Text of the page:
Escaping An Abusive Relationship

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I proceed with gentleness because of the sensitivity of this topic—domestic violence. Lives are torn to pieces, dreams smothered, and hopes forgotten. Abuse, in all forms, is one of the nastiest elements of human behavior. However, escaping an abusive relationship can be done. It is possible to reignite your life with purpose and hope. You can live again.

 The emotionally destructive relationship is an epidemic. We are surrounded by violence. These painful relationships quietly pull the unwilling and unknowing participants in, using gentle webs of deceit. Often the dangerousness of the partner is unknown until the victims are deeply enmeshed in the relationship. And once a connection is established, escaping the abusive relationship is much more difficult.

​The stigma associated with abusive relationships compounds difficulties. Even after the victim recognizes the abuse, they discover that seeking help is difficult. First recognizing the problem, then escaping the danger often is a process that takes years, robbing precious time. The abuse harms psychological health, narrowing deep examinations, strangling growth and inviting deceptive coping mechanisms.

Abusive relationships create the fertile ground for dysfunctional thinking. It is difficult to accept that we are the ones being abused. We confidently believe we can cure the abuser rather than take the difficult and frightening paths necessary to leave the relationship and escape the abuse.

Domestic Violence National Help Line Banner resource

Protective Denials

A victim of a vicious attack, with staples still holding together the gashing wound from a ferocious strike, lashed out at investigative questions, “you are blowing this way out of control.” The mind steps forward, lessens the crime, and excuses a partner’s injustice. It’s what our mind does.

“Domestic violence and abuse can happen to anyone; it does not discriminate. Abuse happens within heterosexual relationships and in same-sex partnerships. It occurs within all age ranges, ethnic backgrounds, and economic levels.”

The cycle of violence (love, anger, violence, sorrow) is an informative pictograph but is incomplete. The cycle focuses on only a fraction of the felt experience, skipping the deep feelings intimately part of each station of the cycle. A victim endures a myriad of powerful emotions, behaviors, unhealthy needs, insecurities, and faulty thinking that play primary roles in this life-destroying-cycle; both partners contribute and pay a significant price.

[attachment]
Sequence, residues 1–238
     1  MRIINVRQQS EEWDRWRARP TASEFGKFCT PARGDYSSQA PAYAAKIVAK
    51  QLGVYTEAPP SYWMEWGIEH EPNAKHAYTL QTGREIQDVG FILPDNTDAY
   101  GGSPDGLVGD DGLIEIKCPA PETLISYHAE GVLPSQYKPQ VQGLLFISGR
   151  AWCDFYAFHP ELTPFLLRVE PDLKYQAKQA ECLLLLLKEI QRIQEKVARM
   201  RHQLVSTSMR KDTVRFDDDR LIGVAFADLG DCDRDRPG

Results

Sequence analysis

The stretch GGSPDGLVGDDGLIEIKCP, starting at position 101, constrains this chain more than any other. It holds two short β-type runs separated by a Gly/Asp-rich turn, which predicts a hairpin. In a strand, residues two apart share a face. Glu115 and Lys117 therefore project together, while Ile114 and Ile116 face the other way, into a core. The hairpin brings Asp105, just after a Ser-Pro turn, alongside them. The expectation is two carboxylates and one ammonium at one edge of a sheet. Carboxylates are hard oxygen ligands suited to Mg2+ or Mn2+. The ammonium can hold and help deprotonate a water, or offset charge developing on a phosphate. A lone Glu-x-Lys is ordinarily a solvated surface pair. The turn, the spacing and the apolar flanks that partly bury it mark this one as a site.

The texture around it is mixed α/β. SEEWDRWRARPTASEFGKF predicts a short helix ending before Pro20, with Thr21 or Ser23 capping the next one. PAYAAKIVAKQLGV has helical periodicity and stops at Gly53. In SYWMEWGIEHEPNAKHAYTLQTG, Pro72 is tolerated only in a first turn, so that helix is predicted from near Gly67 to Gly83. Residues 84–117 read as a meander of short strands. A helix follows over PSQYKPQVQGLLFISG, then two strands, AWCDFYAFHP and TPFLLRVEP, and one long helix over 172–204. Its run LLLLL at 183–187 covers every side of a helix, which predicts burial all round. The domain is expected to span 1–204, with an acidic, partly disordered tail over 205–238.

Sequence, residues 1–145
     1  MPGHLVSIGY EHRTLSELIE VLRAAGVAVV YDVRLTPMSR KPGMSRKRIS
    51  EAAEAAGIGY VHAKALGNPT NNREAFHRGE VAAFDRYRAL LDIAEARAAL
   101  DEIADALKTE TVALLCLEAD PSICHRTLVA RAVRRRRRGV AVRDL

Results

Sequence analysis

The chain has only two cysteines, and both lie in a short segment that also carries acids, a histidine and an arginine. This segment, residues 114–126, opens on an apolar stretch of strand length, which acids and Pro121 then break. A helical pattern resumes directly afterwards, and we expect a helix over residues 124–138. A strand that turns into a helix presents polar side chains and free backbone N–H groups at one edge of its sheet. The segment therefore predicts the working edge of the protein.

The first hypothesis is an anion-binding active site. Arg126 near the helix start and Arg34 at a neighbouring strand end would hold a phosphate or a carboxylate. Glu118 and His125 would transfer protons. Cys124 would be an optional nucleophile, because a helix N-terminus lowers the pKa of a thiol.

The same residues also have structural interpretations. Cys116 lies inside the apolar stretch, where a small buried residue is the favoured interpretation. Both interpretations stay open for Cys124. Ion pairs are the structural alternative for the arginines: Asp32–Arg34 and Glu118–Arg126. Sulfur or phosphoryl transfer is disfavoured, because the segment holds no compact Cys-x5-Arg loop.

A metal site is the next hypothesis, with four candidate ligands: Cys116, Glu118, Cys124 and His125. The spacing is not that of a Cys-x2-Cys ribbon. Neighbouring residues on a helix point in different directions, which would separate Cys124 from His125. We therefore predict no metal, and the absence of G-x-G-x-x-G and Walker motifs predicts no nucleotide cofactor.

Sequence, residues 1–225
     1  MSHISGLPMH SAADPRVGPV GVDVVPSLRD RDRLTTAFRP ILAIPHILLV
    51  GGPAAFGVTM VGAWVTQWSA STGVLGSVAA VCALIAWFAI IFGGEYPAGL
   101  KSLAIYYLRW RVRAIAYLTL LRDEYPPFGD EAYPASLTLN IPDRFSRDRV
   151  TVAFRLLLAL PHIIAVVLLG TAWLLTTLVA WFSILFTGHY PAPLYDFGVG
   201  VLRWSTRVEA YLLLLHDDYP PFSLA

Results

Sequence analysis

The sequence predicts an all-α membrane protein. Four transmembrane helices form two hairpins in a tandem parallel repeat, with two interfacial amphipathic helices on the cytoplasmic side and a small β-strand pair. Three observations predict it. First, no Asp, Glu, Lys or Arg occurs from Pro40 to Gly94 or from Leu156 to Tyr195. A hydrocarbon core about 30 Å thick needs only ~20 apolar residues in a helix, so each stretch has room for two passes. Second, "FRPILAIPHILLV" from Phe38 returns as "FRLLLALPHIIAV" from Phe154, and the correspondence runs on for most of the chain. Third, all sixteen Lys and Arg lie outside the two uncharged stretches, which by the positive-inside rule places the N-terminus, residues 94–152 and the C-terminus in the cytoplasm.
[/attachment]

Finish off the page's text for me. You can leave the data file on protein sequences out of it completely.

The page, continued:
Denial is common. Clinging to an abuser is normal. Our brains try yo make sense of the nonsensical pattern of someone we love harming us. Bessel van der Kolk, founder and medical director of the Trauma Center in Brookline, Massachusetts, wrote “terror increases the need for attachment, even if the source of comfort is also the source of terror.” He continues, “of course, clinging to one’s abuser is not exclusive to childhood” (2014, Kindle location 2,489).

Many of our survival styles may help at first but in the long run are maladaptive preventing healing and escape from continued abuse.

The courage to break free requires many resources—both internal and external.

Staying in a Abusive Relationship is Complex

There are many reasons people stay in abusive relationships. Perhaps, denial just helps the psych and is not the motivating factor for staying.

Among some of the reasons for staying, research has identified these as common causes preventing escape from an abusive relationship:

  • The fear that the abuser’s actions will become more violent or possibly lethal if the victim leaves or attempts to leave
  • Unsupportive friends and family, encouraging the victim to forgive and that the abuser will get better
  • Financial worries and fear of single parenting
  • Remembering some of the good feelings and positives of the relationship (rarely are abusive relationships all bad).
  • Lack of knowledge of or access to resources to help
  • Fear of losing custody of any children
  • No where to go
  • Religious or cultural beliefs and practices may not support divorce
  • Belief that two parent households are better for children, despite abuse

List adapted from NCADV article “Why Do Victims Stay?

Escaping Relationship Abuse is Possible

​The good news is that escape is possible. Millions escape the violence and move forward with a better life. They obtain freedom by humbly accepting the reality and courageously reaching for help.

“I saw absolutely no way out and was convinced that he would carry-out these threats if I ever left, so I stayed.” 

~Mekisha Jane Walker

The abuser’s promises, small improvements, and apologizes are often shallow, just another turn in the on-going drama. Hope derived from short-term changes are shattered many times over, leaving the victim feeling ashamed and stupid. Through the goodness of their hearts they nurture the kindness of hope, believing their partner will change.

None are perfect; we all struggle. But no one deserves abuse. There is no excuse. Accept the rottenness of this behavior for what it is—unwarranted, unhealthy, and destructive. Escape relationship abuse by seeking guidance, finding support, and then, you may rediscover peace.

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Van der Kolk, Bessel (2014). The Body Keeps the Score: Brain, Mind, and Body in the Healing of Trauma. Penguin Books; 1st edition.

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